Guest Post By Chad Iwertz
I believe that in order to advocate for better access, we need to be familiar with the tools and methods at our disposal for crafting that access. Being knowledgeable affords us the option of specifically naming that which we demand and the opportunity to reflect on the affordances and constraints of the tools and methods at our disposal.
Greetings, all. My name is Chad Iwertz, and I am a PhD candidate at Ohio State University. In my research, I take a mixed methods approach to studying the composing habits and practices of transcribers—that’s you all! Hi!—and for my dissertation I am working toward a more nuanced understanding of the different methods and methodologies of transcription that are currently used in higher education. As you might expect, that really boils down to the “big two”: verbatim and meaning-for-meaning.
As someone who identifies in many ways as a transcription non-expert (I am not a trained CART writer or transciber), I feel I bring expertise in rhetorical theory, composition studies, disability studies, and digital media studies to the ongoing conversation about the social, cultural, and professional practice of captioning and transcribing in higher education environments. Part of this research also focuses on the social and political structures that surround different forms of transcription. In other words, I’m interested in transcription labor practices and the professional cultures in which transcription takes place.
I am also a college instructor; I have taught courses supported by TypeWell transcribers. I am close to many individuals who depend upon CART to access inaccessible hearing environments. And I also benefit from reading transcripts as a hearing person at events when transcription is projected on screen. I am a total transcription advocate.
As part of that advocacy, I believe there needs to be a more nuanced understanding of professional access-oriented transcription. In my research I ask: What are the affordances (and constraints) of different forms of transcribing? And given the social context transcribers find themselves today, is there potential for meaning-for-meaning transcription to provide a service that verbatim transcription cannot?
With these questions in mind, I’d like to spend the remainder of this post focusing on two key terms that are used to describe transcription: CART and meaning-for-meaning. I believe that words hold power and that the terms and definitions that surround the language used to describe transcription can begin to distinguish its methodologies and uncover the social forces that surround and support transcription practice.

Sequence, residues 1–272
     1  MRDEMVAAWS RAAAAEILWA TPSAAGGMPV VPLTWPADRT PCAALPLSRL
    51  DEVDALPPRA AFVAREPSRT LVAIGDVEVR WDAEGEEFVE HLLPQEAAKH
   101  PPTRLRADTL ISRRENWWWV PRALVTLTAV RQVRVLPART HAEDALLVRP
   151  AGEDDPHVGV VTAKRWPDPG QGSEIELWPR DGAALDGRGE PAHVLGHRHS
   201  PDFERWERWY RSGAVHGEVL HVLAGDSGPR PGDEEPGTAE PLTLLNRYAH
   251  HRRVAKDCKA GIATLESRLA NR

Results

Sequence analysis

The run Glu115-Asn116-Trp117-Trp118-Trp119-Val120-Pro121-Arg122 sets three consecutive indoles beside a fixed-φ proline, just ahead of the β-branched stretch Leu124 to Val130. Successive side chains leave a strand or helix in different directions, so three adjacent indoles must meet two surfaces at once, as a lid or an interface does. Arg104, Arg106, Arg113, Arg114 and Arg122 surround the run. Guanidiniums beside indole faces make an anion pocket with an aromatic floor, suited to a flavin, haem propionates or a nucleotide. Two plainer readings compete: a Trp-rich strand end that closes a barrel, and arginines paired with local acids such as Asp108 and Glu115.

Depending on the context, CART can be a very general term or a very specific term. As an umbrella term similar to speech-to-text, CART can be used to describe the emergence of work, technologies, and accommodations protected under the Americans with Disabilities Act to “ensure effective communication with people who are deaf or hard of hearing” (National Association of the Deaf). For those who read real-time transcripts and benefit from the access that transcripts provide, CART means access protected by law. CART is a right enforced by law that affords access to otherwise inaccessible environments.
In professional use, though, CART is often used differently. In this context, CART refers to verbatim forms of transcription—such as in calling professionals who do verbatim work CART writers and professionals who do not transcribers.
I am interested in this professionalized distinction because of its effect on the culture of communication access outside professional discourse. What does it mean to advocate for non-verbatim transcription when verbatim transcription culturally becomes synonymous with the lawful right to CART?
As an organization, ATSP defines meaning-for-meaning transcribing against verbatim transcribing as a real-time service that more concisely formats the essential meaning and tone of what is being said while leaving out false starts, redundant phrasing, and other extraneous text. Additionally, and what I feel may be even more important, meaning-for-meaning transcription captures a speaker’s tone, emphasis, and body language.
I often ask myself: What does meaning-for-meaning transcribing do that verbatim transcribing does not? Is intentionally transcribing forms of communication like gesture and tone in addition to human speech unique to non-verbatim forms of transcription?
In asking these questions, I’m hoping we can move toward an understanding of what non-verbatim forms of transcribing do that distinguishes them from verbatim forms of transcription.
My research is also showing that meaning-for-meaning transcription as a methodology, or as a conventionally agreed upon way of composing a transcript, is routinely described as focused on different, more-specific individual audiences than verbatim transcripts. So it may be that meaning-for-meaning is not only focused on conveying concise meaning but also prioritizes responsive text crafted for specific audiences in ways that verbatim transcripts are not. This responsive transcription may be similar to the way Takayuki Ito describes hybrid captioning as an approach to intentionally mixing different captioning services in Japan to provide institutions with affordable captioning. In practice, responsive transcribing might flip this model to focus on how transcription can be responsive to the individuals, not the institutions, who read it.
So what do you think? Do these terms and definitions adequately describe your transcription practices? Your identity as a transcribing professional? What other terms would you add?
Thank you to ATSP for the opportunity to guest blog for you today; I look forward to discussing my work more with you in the comments or by email: [email protected].